This article was featured in the Expert Analysis Section of Insurance Law360, September 20, 2017. You can access the article on Law360 here.
Hurricane Harvey made landfall near Corpus Christi, Texas on Friday, August 25, 2017. Houston—the nation’s fourth largest city—was hit particularly hard by the Category 4 storm. Only a few days later, on September 1, 2017, Texas’ new Insurance Code Section 542A went into effect. Section 542A, entitled “Certain Consumer Actions Related to Claims for Property Damage,” was enacted in response to a significant increase in first party property damage lawsuits involving weather-related events. The provisions of Section 542A apply in first party residential and commercial property claims for damages resulting from natural forces, including earthquake, wildfire, flood, tornado, lightning, hurricane, hail, wind, snowstorm, or rainstorm. The statute’s provisions do not apply to non-weather related property damage claims. Section 542A applies to all insurers, with the exception of the Texas Windstorm Insurance Association (“TWIA”) and the Texas FAIR Plan Association (“TFPA”). The new law also applies to contractual and extra-contractual causes of action and requires that the claimant provide notice of dispute to an insurer 60 days prior to filing suit. The statutory notice must be in writing and apprise the insurer of the acts or omissions giving rise to the claim, the specific amount in dispute, and the amount of attorney’s fees sought based on hours actually worked as of the notice date. Section 542A’s notice provision is in addition to any other notice required by law or applicable insurance policy.
It is quite likely that the Texas Legislature was not contemplating the complexities of adjusting art-related hurricane claims when Section 542A was enacted. While it is common knowledge that insurance is needed to protect against property loss, many may not realize that insuring fine art and the building structures in which artwork is housed involves unique risks and coverage considerations. Insurance for artwork such as paintings, sculpture, and prints is procured by museums, galleries, and collectors. This type of coverage may also be used by anyone interested in protecting the value of other unique property, such as photographs and first-edition books. The art institutions, museums, and storage facilities that house artwork must also be insured.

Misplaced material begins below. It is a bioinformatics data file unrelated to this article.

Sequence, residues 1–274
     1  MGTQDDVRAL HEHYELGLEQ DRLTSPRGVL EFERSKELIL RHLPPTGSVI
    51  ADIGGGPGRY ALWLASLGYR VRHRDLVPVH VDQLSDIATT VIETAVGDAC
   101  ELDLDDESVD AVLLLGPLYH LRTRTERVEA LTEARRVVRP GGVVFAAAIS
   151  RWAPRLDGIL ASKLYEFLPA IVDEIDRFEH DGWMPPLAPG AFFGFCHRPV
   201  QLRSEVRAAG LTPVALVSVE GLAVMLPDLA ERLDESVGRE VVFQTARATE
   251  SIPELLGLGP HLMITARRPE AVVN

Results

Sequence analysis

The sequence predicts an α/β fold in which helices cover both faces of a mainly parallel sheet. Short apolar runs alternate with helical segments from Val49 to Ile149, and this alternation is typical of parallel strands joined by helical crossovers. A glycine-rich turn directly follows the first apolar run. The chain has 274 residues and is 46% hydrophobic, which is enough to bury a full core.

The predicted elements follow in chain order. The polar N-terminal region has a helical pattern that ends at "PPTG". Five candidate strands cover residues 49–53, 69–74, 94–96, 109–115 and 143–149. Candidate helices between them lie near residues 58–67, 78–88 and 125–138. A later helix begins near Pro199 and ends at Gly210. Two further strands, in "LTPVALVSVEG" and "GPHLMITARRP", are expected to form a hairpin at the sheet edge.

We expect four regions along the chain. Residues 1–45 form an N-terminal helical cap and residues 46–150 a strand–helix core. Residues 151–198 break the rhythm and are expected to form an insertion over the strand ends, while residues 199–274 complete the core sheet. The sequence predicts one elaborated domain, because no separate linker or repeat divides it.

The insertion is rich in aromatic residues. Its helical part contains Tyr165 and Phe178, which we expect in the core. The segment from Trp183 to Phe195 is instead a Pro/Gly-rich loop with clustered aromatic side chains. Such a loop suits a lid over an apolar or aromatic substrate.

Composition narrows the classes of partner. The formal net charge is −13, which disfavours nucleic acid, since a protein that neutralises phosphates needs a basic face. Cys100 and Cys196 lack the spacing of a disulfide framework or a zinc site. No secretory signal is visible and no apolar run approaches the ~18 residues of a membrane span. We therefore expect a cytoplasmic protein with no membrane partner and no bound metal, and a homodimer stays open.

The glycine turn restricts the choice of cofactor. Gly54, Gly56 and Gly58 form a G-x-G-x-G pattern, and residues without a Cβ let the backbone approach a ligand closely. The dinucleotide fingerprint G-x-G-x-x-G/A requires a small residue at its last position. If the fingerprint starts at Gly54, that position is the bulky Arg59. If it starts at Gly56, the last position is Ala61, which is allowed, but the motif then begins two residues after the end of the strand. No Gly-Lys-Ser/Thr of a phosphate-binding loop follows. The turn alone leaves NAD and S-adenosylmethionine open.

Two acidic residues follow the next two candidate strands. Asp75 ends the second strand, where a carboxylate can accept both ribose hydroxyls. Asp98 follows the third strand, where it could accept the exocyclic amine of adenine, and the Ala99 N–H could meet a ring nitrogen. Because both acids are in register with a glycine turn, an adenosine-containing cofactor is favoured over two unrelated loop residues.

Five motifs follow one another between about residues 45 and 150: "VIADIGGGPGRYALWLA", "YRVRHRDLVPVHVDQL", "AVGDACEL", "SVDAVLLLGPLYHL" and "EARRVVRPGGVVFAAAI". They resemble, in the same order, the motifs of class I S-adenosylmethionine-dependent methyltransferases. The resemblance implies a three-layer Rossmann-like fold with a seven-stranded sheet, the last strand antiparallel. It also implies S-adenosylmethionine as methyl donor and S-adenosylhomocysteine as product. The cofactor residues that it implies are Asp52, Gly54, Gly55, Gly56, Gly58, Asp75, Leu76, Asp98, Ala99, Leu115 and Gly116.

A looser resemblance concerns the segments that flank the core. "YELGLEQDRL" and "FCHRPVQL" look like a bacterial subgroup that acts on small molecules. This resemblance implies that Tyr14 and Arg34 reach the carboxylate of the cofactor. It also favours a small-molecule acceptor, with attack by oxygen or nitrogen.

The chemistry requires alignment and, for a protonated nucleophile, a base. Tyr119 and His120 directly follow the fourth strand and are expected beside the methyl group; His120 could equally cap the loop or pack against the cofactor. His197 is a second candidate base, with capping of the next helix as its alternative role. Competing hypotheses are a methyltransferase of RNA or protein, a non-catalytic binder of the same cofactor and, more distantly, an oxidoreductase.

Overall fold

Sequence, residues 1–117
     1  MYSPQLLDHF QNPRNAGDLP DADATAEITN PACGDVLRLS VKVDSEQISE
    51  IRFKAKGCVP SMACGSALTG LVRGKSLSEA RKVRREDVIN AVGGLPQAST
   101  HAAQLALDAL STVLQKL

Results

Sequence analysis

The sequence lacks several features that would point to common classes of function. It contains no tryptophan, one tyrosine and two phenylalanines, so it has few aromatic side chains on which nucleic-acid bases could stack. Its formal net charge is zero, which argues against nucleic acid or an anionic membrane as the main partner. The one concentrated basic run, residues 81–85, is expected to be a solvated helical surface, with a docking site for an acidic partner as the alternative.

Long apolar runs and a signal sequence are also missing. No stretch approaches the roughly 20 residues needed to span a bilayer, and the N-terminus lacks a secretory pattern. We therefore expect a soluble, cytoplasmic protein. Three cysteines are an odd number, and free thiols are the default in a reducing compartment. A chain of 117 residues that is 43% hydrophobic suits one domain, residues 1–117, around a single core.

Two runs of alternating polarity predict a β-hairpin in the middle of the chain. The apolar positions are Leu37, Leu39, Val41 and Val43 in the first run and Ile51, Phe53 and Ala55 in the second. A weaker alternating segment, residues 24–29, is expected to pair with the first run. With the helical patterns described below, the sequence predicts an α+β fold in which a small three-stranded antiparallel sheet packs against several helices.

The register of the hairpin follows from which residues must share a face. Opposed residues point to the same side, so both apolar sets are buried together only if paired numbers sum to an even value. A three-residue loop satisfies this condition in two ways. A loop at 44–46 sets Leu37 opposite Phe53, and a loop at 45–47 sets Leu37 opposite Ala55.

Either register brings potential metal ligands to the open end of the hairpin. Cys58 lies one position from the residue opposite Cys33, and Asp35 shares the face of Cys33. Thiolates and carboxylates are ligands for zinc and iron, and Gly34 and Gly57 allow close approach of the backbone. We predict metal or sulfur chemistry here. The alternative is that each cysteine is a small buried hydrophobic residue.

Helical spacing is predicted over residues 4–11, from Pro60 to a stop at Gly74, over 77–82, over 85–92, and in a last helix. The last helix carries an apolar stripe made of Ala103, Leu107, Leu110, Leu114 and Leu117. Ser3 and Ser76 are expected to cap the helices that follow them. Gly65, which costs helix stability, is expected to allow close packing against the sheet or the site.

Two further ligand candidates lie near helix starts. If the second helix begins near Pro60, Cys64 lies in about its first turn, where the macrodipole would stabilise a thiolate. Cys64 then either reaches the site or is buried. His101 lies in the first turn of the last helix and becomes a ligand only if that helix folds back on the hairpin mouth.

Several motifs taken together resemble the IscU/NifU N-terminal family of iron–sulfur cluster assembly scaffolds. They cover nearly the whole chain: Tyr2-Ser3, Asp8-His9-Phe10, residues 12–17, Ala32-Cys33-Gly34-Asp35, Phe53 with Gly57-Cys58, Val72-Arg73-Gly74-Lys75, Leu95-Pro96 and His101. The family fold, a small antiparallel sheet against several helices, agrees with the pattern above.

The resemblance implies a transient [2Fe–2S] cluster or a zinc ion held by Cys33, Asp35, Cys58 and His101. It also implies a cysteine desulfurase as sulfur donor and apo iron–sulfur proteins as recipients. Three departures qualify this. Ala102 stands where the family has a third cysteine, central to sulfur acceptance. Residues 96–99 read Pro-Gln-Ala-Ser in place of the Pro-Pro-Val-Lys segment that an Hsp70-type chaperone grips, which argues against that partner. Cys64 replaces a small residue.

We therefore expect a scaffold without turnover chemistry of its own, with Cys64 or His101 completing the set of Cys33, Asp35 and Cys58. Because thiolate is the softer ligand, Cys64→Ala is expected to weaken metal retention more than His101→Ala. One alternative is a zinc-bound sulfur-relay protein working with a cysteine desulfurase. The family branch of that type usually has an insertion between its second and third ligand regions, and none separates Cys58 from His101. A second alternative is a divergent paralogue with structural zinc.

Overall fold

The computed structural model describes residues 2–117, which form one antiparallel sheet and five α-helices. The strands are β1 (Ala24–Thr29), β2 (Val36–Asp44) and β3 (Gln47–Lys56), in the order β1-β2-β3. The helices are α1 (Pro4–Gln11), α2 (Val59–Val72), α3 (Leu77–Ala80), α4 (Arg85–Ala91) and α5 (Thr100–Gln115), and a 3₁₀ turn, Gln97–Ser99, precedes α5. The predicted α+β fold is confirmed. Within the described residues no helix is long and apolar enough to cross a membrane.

Hurricane Harvey will undoubtedly generate a significant number of first-party residential and commercial property claims for art-related damages, implicating Section 542A. Claims handling will be a key issue for Harvey art-related losses. Proper claims-handling of Harvey art-related losses will obviously be of critical importance. Insurers offering fine art coverage (as well as coverage for museums and galleries) will need to utilize adjusters with expertise in handling art related losses, particularly in the areas of valuation, conservation and restoration. Additionally, art appraisals evidencing recent market values will be important during the adjustment process. Anyone can Google the replacement value of a broken window pane. The same is not true with regard to the value of a storm damaged Warhol or a one of a kind art facility. Art related claims may be made under homeowners, commercial, and specialty fine art related policies. Some of these claims may implicate Section 542A’s new requirements in the context of a sector of insurance law that is already relatively “unchartered territory.”